Pensioner, Fredrick Bowers, has been given a three month curfew after causing the death of a ‘kind hearted grandmother.
The 70-year-old said he did not see Kathleen Wood, 86, when she was walking across the zebra crossing near Tesco in Churchdown on November 19, last year.
Bowers of Station Road in Newnham was banned from driving for a year at Cheltenham Magistrates’ Court on Tuesday.
He said he was genuinely remorseful for the crash on Cheltenham Road East and pleaded guilty to causing Mrs Wood’s death by driving without due care and attention.
Prosecutor Teresa Perry said retired Bowers was driving his red Peugeot 206 in the morning on the B4063, where the zebra crossing had been installed four weeks earlier.
She told the court:
She was using that crossing and it was her priority and unfortunately while she was crossing he did not see her and drove across it without stopping. Unfortunately she suffered serious injuries and died as a result of her injuries. He remained on the scene and told police that he did just not see the pedestrian and the first he knew was when the lady hit the windscreen. Witnesses had said they had seen the pedestrian and they were surprised he had not slowed. He was genuinely remorseful for his actions and said he did not see the lady crossing. Bowers failed an eye test at the scene, but passed one later, which was put down to the stress and trauma of the smash.
Ms Perry added there was no suggestion he was speeding and his car was in roadworthy condition.
She read a victim statement, from Mrs Wood’s daughter, Yvonne Tyler, she said her mum had lived in Parklands for the past nine years and they had a very close relationship.
The court heard the grandmother of six was a member of the St John’s Church congregation and saw her daughter every day.
The statement read: “While she was 86 she was independent and would often help others.
“She was of surprising good health and never complained about aches and pains.
“She was not only my mum, but my best friend.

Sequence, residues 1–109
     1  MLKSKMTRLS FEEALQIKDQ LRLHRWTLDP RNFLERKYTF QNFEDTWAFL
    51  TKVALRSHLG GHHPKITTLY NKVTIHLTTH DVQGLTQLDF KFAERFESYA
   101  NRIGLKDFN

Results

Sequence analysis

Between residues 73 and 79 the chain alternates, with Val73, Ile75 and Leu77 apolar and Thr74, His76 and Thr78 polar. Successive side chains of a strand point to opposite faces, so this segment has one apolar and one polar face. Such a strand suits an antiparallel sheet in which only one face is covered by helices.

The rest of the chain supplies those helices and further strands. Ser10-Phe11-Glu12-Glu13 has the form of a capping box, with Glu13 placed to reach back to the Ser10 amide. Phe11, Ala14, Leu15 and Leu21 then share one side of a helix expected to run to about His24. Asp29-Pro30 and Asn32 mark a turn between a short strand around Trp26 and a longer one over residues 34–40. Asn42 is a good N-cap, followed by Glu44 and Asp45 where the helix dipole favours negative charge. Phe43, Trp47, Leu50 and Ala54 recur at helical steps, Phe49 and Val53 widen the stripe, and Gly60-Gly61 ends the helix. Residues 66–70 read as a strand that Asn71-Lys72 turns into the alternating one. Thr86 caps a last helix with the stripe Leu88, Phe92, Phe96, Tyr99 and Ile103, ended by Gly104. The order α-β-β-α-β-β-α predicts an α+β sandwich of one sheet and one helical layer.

“She was very kind and she was always on my side.
“I am finding it very difficult to understand and accept – she will not get the opportunity to see my daughter get married this year.
“I feel she has been taken away from us and the driver has taken her away.”
Defending David Adams told the court it was clearly a very sad and tragic case.
This is a gentleman who has been driving for around 50 years. He has no previous driving convictions and no points on his licence. My view is this is a case that can be dealt with a community order. He has never been in trouble before and there is a low risk of reconviction. There has been an interim driving ban and this gentleman has expressed the view he is not contemplating driving any time soon.
District judge Joti Bopa-Rai said:
Obviously this is a difficult time for the family. I am sorry for their loss and no matter what I do nothing is going to bring this lady back. There is no bad driving going over the speed limit it appears to be a momentary lapse.
She told Mrs Wood’s family: “I do have sympathy with the family and I would like to pay the court’s respect to the lady who has gone.
“This gentleman’s car was roadworthy, there was no sign of bad driving, he was in the speed limit and it seems he made an error.
“When it is a case of momentary lapse of concentration then I have got to look at a community level sentence.”
She ruled out unpaid work because of Bowers’ age and ill health and said supervision would be of no benefit in the case.
She ordered he was the subject of a three month curfew, from 8pm to 7am, and pay £60 victim surcharge and barred him from driving for a year.